Voters in two states had the good sense to reject ballot proposals on Tuesday that threatened to raise food prices for consumers and smother technological innovation for farmers, without delivering a benefit to anybody.
The referenda—called Proposition 105 in Colorado and Measure 92 in Oregon—would have required food packages to carry warning labels if they included genetically modified ingredients. Colorado voters rejected the idea overwhelmingly, by a two-to-one margin. In Oregon, the result was much closer and uncertain until Wednesday, when it finally became clear that the proposal had failed, 51 percent to 49 percent.
This marks the fourth time in the last two years that voters have turned back proposals to require special labels for food with GM contents. Colorado and Oregon now join California and Washington State in rebuffing political efforts to force pointless labels onto food packages. Oregon, in fact, has snubbed the idea twice: this week, plus way back in 2002.
The story of these elections is always the same: An activist group funded by special interests writes a complicated proposal, launches a propaganda campaign, and enjoys a brief moment of popularity. Then, as the public learns the truth about GM food—it’s safe, healthy, and common—voters begin to realize that warning labels don’t make sense. They also don’t like the thought of their food bills going up by hundreds of dollars per year. On Election Day, they vote down a bad idea.
Even in the liberal bastion of Boulder, Colorado—home of the University of Colorado and its well-educated population—schemes to label GM food were met with strong opposition. “Of the dozens of scientists I talked to,” wrote Paul McDivitt on the website of Discover magazine, “none had any concerns about the health and safety of genetically modified foods.” And none supported Proposition 105.
“Humanity has been eating genetically modified food for thousands of years,” said Pieter Tans, a climate researcher at the Boulder office of the National Oceanic and Atmospheric Administration. Michael Breed, a biologist at the University of Colorado, also spoke out: “There’s no convincing scientific evidence that I’m aware of that GMOs present a health hazard, and there’s no practical way to separate and identify GMOs in our food stream.”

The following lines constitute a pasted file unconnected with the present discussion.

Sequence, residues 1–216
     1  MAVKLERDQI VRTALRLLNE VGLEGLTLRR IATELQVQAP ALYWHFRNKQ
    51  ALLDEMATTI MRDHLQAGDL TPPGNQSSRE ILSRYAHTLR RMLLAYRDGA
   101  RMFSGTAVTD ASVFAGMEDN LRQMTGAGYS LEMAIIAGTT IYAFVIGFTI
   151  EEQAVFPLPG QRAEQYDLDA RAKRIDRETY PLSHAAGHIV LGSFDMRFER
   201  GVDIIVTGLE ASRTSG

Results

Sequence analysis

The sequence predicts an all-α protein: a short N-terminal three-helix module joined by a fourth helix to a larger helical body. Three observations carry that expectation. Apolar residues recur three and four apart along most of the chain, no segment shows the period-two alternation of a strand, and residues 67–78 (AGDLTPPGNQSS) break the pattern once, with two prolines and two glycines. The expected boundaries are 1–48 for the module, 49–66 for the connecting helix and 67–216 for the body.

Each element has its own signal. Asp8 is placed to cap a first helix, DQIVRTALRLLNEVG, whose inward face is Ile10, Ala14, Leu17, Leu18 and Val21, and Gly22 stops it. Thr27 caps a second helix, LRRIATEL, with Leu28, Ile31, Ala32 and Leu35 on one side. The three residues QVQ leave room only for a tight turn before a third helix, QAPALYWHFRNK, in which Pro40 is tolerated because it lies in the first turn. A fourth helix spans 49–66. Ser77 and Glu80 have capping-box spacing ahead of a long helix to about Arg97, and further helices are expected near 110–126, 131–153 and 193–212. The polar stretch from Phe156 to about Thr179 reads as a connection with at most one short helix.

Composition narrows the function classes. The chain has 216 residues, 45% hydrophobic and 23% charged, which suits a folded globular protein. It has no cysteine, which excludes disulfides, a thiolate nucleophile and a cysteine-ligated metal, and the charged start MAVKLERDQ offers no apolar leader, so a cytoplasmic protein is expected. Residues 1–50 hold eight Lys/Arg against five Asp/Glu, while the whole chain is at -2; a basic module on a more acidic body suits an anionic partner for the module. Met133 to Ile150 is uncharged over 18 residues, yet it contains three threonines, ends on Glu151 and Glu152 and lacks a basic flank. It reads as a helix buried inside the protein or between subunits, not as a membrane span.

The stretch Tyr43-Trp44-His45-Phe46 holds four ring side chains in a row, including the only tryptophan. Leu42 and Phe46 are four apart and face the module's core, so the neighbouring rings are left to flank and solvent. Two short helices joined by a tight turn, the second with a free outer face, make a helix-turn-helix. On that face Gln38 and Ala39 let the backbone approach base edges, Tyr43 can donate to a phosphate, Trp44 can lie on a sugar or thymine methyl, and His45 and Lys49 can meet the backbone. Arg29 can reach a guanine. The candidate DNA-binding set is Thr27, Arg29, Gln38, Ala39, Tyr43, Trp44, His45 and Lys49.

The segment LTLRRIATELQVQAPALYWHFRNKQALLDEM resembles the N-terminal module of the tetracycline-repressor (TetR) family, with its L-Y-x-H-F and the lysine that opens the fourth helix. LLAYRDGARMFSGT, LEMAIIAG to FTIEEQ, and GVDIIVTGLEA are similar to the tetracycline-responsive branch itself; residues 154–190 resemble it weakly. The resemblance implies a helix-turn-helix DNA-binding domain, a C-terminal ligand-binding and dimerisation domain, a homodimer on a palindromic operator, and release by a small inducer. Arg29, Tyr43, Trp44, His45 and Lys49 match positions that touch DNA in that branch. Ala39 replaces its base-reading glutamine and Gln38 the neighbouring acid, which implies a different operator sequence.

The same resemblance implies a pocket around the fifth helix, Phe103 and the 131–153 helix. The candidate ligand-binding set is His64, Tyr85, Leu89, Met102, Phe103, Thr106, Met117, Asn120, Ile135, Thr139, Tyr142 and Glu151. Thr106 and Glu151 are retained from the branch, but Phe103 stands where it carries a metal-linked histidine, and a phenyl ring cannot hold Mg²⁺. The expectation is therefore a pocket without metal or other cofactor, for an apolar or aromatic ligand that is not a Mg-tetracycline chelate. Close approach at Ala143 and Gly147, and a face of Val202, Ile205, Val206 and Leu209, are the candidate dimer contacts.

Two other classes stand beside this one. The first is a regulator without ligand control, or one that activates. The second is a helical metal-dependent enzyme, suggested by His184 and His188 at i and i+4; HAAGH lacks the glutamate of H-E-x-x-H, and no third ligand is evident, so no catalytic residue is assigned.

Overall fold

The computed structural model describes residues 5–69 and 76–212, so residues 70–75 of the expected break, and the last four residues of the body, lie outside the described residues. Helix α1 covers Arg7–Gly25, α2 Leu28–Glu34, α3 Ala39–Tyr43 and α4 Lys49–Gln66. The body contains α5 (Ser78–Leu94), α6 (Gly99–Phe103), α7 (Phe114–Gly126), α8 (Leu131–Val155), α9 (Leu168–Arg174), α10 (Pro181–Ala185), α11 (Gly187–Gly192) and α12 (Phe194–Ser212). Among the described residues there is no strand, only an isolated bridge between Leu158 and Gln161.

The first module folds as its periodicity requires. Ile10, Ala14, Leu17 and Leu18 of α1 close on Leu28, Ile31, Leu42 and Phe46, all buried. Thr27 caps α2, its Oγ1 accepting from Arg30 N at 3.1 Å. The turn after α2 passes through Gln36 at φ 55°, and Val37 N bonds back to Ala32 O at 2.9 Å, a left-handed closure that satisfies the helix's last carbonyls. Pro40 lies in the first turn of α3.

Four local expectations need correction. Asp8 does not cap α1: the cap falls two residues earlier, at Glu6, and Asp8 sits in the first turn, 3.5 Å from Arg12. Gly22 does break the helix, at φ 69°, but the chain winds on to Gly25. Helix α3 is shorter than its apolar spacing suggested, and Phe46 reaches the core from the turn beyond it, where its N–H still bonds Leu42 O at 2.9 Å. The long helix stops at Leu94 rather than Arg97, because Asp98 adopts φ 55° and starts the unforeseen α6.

Arguments such as these, from trusted authorities, make a huge difference to voters.
Many anti-science activists, however, prefer not to listen. They seem immune to reason and evidence.
The ballot referendum can be a useful tool of democracy, but it’s a poor way to go about building a regulatory system to govern something as complicated and important as food. Such laws should be written by legislators, in consultation with scientific experts—not by professional protestors who are pushing a political agenda, funded by interest groups that have a commercial stake in warning labels that scare consumers away from the food products we eat every day. And have been safely for many years.
Yet the labeling activists won’t stand down. They know that despite their losing streak, success at just one time and in one state will rattle the entire food industry, from farmers to processors to business and store owners to consumers. Odds are they’ll try again soon.
There’s a simple solution to this potential mess: Congress should stop them. A bipartisan coalition already supports the Safe and Accurate Food Labeling Act, introduced earlier this year by Rep. Mike Pompeo, a Kansas Republican. It would permit food companies to label their products voluntarily, but also prevent states from creating a patchwork of complex rules involving mandatory warning labels for food with GM ingredients.
This is a sensible approach—and it may even be a realistic goal.
President Obama has spoken favorably of GM foods. Perhaps this a subject on which he and the new Republican Congress can find common ground: an issue that need not become yet another victim of gridlock, but rather a bill that enjoys support from members of both parties and benefits the public at large.
It’s time to give these ballot proposals an expiration date of right now.
Bill Horan grows corn, soybeans and other grains with his brother on a family farm based in North Central Iowa. Bill volunteers as a board member and serves as Chairman for Truth About Trade & Technology (www.truthabouttrade.org).
Follow us: @TruthAboutTrade on Twitter | Truth About Trade & Technology on Facebook.